What's the difference between the American League and the National League?

It's not a riddle, so if you're waiting for a clever answer or some type of punch line, you'll be disappointed, and you'll be waiting a long time.

I heard a kid ask his father that question a few weeks ago. Dad had no real answer -- for good reason. The dividing line between leagues is fading. It's almost gone.

Remember the days when you could identify an AL team or NL club based on its overall look or style?

If memory serves, NL teams had the smaller, wirey types. Able to bunt, steal and climb outfield walls. AL rosters were filled with big bruisers, the kind of guys you'd want on your weekend softball team.

Think back to the 1982 World Series. Harvey's Wallbangers versus The White Rat's Cardinals. If there was ever better example of two clubs with more opposite looks and personalities, I can't think of it. Harvey Kuenn's Brewers led the Majors in homers and they stole a base from time to time. Whitey Herzog's Cardinals were dead last in long balls while leading the NL in steals. When the two teams faced off, the Fall Classic was must-see TV.

That's an extreme example of what used to be, and of course there were exceptions. But there's no denying that once upon a time, the AL style and NL style were decidedly different.

Decades have passed and the gap has closed -- or disappeared -- in many catergories for many reasons. Parks are smaller, players are more athletic, philosophies changed, statistical analysis has exploded and money talks. Players have no reservations about switching leagues in free agency. The list goes on and on.

One thing that has remained the same over the decades is the designated hitter. As we celebrate the 40th anniversary of the best/worst baseball has to offer, recent conversations and debates lead some to believe the DH will find its way into the NL, and soon.

Good idea? Bad idea? It doesn't matter. If it happens, there will be no difference between the leagues at all. The only reason to categorize teams based on league will be for standings purposes. Heck, we have Interleague Play every day this season, so fans don't even mark their calendars anymore looking forward to the handful off weekends when an AL team comes to their NL city.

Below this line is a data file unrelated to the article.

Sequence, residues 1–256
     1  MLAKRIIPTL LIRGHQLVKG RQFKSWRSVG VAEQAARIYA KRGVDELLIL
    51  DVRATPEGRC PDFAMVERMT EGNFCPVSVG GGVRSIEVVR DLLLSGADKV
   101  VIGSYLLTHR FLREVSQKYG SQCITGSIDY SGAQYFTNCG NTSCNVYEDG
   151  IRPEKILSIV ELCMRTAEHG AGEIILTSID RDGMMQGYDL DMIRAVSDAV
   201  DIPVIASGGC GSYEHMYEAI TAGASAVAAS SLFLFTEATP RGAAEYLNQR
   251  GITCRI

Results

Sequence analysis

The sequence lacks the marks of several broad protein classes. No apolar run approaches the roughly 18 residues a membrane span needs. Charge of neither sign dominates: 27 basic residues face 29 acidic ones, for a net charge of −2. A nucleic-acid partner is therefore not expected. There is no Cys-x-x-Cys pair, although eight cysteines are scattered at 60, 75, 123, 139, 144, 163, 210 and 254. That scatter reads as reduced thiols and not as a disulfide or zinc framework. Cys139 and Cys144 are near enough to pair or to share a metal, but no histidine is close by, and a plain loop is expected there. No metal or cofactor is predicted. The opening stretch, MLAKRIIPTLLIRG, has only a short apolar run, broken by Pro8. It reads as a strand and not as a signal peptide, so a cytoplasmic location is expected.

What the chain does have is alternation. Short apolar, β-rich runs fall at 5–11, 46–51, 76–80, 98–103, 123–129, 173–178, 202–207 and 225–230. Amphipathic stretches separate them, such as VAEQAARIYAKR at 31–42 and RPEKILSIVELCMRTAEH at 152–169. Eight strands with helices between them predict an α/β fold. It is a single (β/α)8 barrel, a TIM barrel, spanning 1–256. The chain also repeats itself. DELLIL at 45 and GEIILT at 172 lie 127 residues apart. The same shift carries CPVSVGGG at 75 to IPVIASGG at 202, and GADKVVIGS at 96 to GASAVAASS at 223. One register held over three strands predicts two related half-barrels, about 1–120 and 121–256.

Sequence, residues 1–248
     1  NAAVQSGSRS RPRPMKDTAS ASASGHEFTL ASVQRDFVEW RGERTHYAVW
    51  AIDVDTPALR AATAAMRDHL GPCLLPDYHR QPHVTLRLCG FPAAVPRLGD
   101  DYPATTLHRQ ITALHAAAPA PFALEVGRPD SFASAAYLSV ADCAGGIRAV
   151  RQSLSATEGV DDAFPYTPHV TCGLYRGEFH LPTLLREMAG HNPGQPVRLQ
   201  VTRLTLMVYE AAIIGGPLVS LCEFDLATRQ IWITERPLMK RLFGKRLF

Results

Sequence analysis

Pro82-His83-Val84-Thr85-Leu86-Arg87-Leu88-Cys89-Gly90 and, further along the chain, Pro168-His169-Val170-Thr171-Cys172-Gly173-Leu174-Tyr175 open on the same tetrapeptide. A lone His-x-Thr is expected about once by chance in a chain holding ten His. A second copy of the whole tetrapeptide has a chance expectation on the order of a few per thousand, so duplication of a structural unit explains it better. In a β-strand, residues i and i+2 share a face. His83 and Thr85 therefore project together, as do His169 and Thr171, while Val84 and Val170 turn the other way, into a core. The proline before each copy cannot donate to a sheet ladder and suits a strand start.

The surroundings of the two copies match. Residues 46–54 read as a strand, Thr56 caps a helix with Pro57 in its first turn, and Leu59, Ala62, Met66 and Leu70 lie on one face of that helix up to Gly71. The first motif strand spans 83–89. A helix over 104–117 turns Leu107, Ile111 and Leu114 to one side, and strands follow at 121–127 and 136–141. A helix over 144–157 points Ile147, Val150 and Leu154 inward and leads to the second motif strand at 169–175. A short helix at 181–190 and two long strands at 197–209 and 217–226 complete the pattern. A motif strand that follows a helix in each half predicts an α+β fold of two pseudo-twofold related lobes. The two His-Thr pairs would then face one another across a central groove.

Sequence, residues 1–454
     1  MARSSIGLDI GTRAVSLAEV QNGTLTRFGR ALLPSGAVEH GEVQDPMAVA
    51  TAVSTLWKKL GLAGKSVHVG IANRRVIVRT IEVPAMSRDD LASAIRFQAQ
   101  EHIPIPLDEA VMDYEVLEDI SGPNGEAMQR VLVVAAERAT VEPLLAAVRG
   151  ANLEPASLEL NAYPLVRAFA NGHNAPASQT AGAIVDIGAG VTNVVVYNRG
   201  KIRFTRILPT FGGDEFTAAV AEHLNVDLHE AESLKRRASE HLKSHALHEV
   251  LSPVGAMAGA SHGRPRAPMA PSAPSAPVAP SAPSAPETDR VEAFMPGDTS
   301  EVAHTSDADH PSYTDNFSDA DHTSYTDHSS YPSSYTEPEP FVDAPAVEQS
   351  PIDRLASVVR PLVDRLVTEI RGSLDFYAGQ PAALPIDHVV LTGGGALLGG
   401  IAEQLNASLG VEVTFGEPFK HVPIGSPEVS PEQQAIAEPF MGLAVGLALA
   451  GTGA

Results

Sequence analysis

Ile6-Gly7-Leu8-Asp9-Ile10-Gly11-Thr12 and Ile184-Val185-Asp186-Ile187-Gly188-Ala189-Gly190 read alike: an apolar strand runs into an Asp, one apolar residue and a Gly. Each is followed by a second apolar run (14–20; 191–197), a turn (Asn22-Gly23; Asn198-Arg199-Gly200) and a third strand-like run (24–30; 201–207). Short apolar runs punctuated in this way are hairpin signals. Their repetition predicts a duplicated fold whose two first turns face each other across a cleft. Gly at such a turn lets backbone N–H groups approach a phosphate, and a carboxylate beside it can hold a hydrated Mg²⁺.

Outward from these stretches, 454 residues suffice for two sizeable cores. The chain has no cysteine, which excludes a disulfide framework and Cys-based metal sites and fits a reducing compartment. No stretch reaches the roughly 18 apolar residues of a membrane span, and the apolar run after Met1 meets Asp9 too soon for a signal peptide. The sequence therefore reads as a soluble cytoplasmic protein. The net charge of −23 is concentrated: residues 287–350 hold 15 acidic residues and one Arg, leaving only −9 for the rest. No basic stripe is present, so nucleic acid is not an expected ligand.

And what do the records mean? "The all-time NL leader in [pick a category]" hasn't worked for years. Until you separate out every Interleague game, its validity is sketchy at best.

So lets just go with it. Assume the DH arrives in the NL soon, that's the perfect time to implement an idea that conforms with the changing MLB landscape while creating a new twist on geographic rivalries from coast to coast.

Do away with the AL and NL as they currently exist.

Gasp!

Yup. Realign the leagues based solely on geography. Think Eastern Conference and Western Conference in the NBA or NHL. What's more compelling? The Angels and Dodgers playing for bragging rights on a random weekend in May and August or having these teams face each other in the final week of the September with the top seed in the postseason on the line?

How about the Cubs having a chance to keep the White Sox out of the playoffs in a head-to-head meeting October 1-3?

You get it.

In the past 20 years, we've already had realignment, playoff expansion and added divisions, so why not?

The vast majority of existing rivalries would barely be affected by this new plan. Just about every heated rivalry that has any teeth or any history is based on geography, so those teams would continue to spew hate and draw large crowds more than a dozen times a year. It's all good (as the kids like to say).

Plus, new rivalries would be created and travel would also be made much easier if you split the country down the middle. Break up the 30 clubs into two conferences and then seed accordingly for the playoffs. Just as the current schedule dictates, the majority of a team's games would take place within its conference.

Here's a starting point:

Eastern Conference

East
Boston
New York Mets
New York Yankees
Philadelphia
Toronto

Midsouth
Atlanta
Tampa Bay
Miami
Baltimore
Washington

Midwest
Cincinnati
Cleveland
Detroit
Pittsburgh
Milwaukee

Western Conference

Northwest
Seattle
San Francisco
Oakland
Minnesota
Colorado

West
Los Angeles Dodgers
Los Angeles Angels
San Diego
Arizona
Texas

Central
Chicago Cubs
Chicago White Sox
St. Louis
Houston
Kansas City

Think about it: MLB has done an incredible job of creating and sustaining competitive balance in recent years. Perhaps it is time to explore geographic balance as well. While this idea may sound crazy, remember, many fans felt the same way about the designated hitter 40 years ago.